The government enforced the law and generally respected workers’ rights to participate in union activities and collective bargaining. Two new labor unions were registered increasing union activity. The International Labor Organization (ILO) noted that industrial relations law allows employers or their organizations to interfere by promoting the establishment of worker organizations under their control, which is inconsistent with ILO conventions on freedom of association. There were no reports of workers dismissed for union activity.
b. Prohibition of Forced or Compulsory Labor
The law prohibits all forms of forced or compulsory labor, but government enforcement was ineffective. Resources, inspections, and remediation efforts were inadequate. There were NGO and media reports that forced labor occurred in the fishing, agriculture, and construction sectors, where most of the country’s nearly 17,000 migrants worked. Investigations into labor trafficking increased, and the government increased resources for victim assistance. There were several reports by the Association of Rights Information and Democracy, media, and the Trafficking in Persons Secretariat concerning cases of forced labor, substandard living conditions, and nonpayment of salaries.
Migrant workers in the formal sector, including individuals from Bangladesh, India, the People’s Republic of China, Kenya, Madagascar, Philippines, as well as other countries in South Asia, made up approximately 20 percent of the working population. The number of migrant workers decreased slightly at the height of the COVID-19 pandemic. They were employed primarily in construction, agriculture, and commercial fishing sectors where traffickers sometimes subjected them to forced labor, including nonpayment of wages, physical abuse, fraudulent recruitment schemes, delayed payment of salaries, and failure to provide adequate housing, resulting in substandard living conditions. There were also reports of employers confiscating passports to prevent workers from changing employers prior to the end of their two-year contracts.
Also see the Department of State’s Trafficking in Persons Report at https://www.state.gov/trafficking-in-persons-report/.
c. Prohibition of Child Labor and Minimum Age for Employment
See the Department of Labor’s Findings on the Worst Forms of Child Labor at https://www.dol.gov/agencies/ilab/resources/reports/child-labor/findings/ .
d. Discrimination with Respect to Employment and Occupation
Labor laws and regulations prohibit discrimination based on race, age, gender, color, nationality, language, religion, disability, HIV status, sexual orientation, or political or professional association (see section 6).
Penalties levied came in the form of fines and were commensurate with those for similar violations. Penalties regularly applied against violators.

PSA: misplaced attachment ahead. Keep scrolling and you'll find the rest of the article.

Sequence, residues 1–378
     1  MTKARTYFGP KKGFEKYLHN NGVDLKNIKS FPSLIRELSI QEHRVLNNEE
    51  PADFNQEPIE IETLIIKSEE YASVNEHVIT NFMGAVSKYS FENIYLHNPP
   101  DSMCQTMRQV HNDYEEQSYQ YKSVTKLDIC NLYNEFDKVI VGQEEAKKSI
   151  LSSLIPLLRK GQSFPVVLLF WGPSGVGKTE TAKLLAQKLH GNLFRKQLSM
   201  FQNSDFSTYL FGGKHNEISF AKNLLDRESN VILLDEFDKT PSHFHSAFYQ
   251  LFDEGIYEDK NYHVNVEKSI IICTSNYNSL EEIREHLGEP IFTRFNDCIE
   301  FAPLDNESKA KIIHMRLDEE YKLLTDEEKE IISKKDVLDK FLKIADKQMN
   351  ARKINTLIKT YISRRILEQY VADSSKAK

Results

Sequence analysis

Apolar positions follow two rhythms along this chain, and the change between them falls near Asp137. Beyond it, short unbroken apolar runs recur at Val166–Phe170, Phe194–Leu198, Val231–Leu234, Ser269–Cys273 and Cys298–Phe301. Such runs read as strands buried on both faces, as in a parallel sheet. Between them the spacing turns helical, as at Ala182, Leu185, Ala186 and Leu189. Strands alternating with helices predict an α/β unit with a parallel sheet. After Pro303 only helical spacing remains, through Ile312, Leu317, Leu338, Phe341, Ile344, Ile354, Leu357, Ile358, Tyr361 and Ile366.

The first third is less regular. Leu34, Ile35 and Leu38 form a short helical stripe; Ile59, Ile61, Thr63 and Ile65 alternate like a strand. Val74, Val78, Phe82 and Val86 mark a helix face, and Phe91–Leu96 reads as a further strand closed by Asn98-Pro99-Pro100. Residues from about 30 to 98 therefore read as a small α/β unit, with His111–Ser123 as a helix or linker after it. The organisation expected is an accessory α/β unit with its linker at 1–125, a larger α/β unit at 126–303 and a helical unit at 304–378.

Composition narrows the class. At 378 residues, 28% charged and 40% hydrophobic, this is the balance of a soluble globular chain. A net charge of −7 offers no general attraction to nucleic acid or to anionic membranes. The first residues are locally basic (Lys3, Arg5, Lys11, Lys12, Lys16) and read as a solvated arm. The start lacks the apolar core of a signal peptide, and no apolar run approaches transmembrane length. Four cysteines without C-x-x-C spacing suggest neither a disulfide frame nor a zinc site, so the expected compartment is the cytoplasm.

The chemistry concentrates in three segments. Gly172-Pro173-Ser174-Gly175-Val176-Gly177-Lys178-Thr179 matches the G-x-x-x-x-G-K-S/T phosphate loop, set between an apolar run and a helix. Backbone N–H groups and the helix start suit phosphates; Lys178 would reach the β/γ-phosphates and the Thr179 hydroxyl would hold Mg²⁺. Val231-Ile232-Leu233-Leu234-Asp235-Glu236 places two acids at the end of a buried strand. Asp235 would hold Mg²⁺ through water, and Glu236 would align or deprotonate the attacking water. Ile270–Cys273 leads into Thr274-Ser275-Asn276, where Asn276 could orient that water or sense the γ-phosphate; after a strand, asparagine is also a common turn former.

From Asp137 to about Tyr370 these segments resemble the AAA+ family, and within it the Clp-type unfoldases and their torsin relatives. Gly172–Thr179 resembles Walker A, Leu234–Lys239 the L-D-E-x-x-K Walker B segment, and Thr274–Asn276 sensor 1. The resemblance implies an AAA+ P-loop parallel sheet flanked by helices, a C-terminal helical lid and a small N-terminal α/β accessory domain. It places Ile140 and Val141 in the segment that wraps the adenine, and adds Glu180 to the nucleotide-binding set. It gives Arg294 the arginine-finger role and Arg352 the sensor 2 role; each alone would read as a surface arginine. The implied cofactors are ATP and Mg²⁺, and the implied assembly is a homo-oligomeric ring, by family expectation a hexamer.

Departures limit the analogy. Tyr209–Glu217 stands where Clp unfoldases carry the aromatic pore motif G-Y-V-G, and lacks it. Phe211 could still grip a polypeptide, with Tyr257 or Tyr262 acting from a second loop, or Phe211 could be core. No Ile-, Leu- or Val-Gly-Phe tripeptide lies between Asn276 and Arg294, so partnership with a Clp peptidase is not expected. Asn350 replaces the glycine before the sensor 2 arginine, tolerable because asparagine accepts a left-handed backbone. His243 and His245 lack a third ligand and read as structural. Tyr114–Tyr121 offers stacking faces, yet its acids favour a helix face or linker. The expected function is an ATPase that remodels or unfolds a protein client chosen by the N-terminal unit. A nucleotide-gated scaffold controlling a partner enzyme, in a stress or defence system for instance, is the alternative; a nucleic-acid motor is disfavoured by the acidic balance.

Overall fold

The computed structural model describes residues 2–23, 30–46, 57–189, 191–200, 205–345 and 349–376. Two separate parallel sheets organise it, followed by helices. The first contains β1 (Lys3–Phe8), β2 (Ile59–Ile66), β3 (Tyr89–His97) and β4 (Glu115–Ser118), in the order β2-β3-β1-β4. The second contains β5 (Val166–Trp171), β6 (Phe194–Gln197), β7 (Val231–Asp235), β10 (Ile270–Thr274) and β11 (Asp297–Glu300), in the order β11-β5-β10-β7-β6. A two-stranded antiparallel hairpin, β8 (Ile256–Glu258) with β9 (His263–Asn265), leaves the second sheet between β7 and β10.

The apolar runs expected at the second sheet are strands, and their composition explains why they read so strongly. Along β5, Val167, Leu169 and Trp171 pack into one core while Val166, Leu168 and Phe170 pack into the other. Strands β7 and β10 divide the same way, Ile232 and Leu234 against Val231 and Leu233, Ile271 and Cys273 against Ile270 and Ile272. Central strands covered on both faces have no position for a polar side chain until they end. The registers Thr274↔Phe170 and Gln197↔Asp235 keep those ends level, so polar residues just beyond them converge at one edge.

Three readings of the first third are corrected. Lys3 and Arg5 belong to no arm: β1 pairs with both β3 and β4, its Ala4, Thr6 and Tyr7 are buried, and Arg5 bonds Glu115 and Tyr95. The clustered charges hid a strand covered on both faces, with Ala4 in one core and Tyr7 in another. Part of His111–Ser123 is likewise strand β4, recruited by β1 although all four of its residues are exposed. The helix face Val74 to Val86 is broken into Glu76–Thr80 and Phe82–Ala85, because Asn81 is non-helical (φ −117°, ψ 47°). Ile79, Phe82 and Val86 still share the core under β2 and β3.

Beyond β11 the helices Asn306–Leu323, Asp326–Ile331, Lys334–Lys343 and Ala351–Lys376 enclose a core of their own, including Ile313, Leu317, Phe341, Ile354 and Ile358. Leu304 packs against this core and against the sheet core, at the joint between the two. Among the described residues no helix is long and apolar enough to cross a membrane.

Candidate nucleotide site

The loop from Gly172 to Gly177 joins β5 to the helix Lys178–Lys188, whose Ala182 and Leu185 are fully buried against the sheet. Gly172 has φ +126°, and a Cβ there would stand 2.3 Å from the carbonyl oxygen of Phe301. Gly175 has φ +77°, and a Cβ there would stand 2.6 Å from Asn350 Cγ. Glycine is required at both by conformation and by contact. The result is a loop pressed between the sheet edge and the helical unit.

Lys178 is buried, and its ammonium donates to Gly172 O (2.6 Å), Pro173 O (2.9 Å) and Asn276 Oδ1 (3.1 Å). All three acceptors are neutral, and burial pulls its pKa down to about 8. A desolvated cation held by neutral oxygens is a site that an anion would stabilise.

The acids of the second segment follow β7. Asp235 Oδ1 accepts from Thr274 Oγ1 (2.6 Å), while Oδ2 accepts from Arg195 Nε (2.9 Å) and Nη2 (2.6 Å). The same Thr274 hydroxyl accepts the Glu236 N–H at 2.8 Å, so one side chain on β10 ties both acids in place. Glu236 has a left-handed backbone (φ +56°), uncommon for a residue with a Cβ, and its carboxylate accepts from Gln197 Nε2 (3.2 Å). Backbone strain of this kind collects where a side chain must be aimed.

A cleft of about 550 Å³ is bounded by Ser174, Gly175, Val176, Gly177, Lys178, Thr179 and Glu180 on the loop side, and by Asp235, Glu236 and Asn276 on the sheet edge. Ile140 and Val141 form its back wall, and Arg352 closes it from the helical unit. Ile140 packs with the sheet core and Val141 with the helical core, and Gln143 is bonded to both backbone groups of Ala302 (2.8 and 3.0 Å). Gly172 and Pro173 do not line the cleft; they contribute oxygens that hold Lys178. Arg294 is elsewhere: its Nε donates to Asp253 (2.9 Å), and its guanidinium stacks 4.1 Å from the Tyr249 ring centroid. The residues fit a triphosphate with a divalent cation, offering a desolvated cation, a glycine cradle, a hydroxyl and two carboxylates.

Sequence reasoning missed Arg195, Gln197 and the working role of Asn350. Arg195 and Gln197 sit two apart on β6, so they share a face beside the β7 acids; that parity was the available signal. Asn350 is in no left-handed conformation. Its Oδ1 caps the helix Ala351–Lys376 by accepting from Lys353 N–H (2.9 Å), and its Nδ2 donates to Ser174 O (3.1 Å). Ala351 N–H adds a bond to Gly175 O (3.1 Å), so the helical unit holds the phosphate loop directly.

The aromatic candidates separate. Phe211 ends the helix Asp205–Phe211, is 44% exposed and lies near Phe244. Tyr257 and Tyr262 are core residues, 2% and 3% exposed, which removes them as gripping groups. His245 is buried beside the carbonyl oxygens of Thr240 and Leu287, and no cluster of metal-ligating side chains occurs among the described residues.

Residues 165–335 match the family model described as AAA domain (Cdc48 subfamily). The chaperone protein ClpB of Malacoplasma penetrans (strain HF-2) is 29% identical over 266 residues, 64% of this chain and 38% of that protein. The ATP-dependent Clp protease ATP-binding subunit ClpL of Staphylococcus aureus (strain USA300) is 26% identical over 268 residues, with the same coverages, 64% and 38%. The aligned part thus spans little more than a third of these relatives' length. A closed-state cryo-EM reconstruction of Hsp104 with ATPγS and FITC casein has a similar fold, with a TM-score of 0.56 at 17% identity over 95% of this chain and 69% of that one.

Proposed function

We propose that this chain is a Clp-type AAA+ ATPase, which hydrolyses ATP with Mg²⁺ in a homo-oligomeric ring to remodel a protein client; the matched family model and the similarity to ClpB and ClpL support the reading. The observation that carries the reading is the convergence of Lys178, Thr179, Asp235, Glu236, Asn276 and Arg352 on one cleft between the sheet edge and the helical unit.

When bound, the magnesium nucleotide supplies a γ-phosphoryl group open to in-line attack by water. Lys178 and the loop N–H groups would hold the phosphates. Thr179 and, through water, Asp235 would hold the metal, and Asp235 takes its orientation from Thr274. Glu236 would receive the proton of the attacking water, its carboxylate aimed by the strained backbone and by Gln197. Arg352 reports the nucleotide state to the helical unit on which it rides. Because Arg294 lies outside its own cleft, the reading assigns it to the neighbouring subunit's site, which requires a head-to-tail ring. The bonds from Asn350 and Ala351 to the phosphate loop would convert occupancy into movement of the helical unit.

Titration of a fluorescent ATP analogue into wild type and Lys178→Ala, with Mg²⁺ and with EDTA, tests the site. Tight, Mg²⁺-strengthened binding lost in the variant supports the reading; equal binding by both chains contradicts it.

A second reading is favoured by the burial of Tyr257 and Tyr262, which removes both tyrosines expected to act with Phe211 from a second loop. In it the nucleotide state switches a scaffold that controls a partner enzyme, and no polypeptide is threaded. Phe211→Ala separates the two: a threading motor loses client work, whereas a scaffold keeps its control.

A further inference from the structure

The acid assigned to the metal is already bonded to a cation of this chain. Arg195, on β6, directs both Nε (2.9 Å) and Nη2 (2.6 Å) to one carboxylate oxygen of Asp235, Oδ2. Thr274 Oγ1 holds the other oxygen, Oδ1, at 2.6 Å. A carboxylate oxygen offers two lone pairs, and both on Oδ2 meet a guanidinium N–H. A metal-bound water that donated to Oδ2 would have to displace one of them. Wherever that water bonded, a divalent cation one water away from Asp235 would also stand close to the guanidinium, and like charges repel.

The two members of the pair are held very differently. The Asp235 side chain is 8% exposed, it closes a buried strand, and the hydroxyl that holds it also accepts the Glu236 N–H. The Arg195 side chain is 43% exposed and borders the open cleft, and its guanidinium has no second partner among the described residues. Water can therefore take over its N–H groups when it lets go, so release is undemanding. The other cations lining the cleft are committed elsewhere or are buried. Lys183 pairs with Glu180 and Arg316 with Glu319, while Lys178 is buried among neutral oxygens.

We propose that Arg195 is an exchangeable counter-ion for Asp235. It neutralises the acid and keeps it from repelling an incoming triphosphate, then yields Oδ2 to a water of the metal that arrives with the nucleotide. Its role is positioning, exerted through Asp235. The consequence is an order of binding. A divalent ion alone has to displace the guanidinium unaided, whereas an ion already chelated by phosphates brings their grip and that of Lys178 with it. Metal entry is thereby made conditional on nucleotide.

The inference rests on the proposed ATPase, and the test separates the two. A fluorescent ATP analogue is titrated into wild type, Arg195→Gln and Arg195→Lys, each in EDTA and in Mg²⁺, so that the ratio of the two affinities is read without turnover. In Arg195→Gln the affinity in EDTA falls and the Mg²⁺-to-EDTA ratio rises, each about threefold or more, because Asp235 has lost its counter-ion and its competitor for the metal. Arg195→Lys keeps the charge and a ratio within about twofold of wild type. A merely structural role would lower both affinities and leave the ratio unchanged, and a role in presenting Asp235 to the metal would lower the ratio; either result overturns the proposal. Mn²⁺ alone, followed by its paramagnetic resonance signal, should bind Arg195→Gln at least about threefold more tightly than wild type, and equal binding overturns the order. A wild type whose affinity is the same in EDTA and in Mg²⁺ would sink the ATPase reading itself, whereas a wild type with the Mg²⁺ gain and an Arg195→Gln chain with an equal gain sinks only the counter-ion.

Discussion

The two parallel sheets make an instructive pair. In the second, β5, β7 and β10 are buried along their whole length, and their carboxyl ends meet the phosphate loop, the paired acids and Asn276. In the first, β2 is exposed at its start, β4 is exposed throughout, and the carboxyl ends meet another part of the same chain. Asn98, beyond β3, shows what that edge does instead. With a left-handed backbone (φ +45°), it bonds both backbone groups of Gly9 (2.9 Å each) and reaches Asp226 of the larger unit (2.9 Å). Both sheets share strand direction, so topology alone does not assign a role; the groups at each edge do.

The law prohibits discrimination in employment based on gender. By law women may register a business in the same way as men, but there were no laws mandating equal pay for equal work or equal access to credit.
Migrant workers faced documented rights violations, including discriminatory wage practices, abusive working conditions, concentration of migrants in hazardous occupations, and lack of access to information, for low-skilled migrant workers, including domestic workers.
Sexual harassment in workplaces, particularly in tourism establishments, was a concern.
e. Acceptable Conditions of Work
Wage and Hour Laws: The government set mandatory minimum wage rates for employees in both the private and public sectors. The minimum wages were above the poverty line.
The legal maximum workweek varied from 45 to 55 hours, depending on the economic sector. Regulations entitled each full-time worker to a one-hour break per day and a minimum of 21 days of paid annual leave, including paid annual holidays. Regulations permitted overtime up to 60 additional hours per month. The law requires premium pay for overtime work.
Occupational Safety and Health: The Ministry of Health issued comprehensive occupational safety and health (OSH) regulations that were up to date and appropriate for the main industries. The law allows citizen workers to remove themselves from dangerous or unhealthy work situations, to report the employer to the Health and Safety Commission of the Department of Employment, and to seek compensation without jeopardizing their employment. The law provides for the protection of foreign workers.
Wage, Hour, and OSH Enforcement: The Ministry of Health, the Department of Employment, and the Trafficking in Persons Task Force are responsible for visiting and inspecting worksites and workers’ accommodations. The government did not effectively enforce the law. Resources, inspections, and remediation were inadequate. Penalties levied were not commensurate with those prescribed for analogous violations, such as fraud. Penalties were sometimes applied against violators.
Occupational accidents occurred most frequently in the accommodations, food services, transport, and storage industries.
Informal Sector: According to the Ministry of Employment and Social Affairs, informal employment was approximately 15 percent of the labor force in 2021. Sectors with informal employment included agriculture, fishing, and construction. There are no government agency supporting workers in the informal sector, but workers have resorted to the courts in cases of dispute.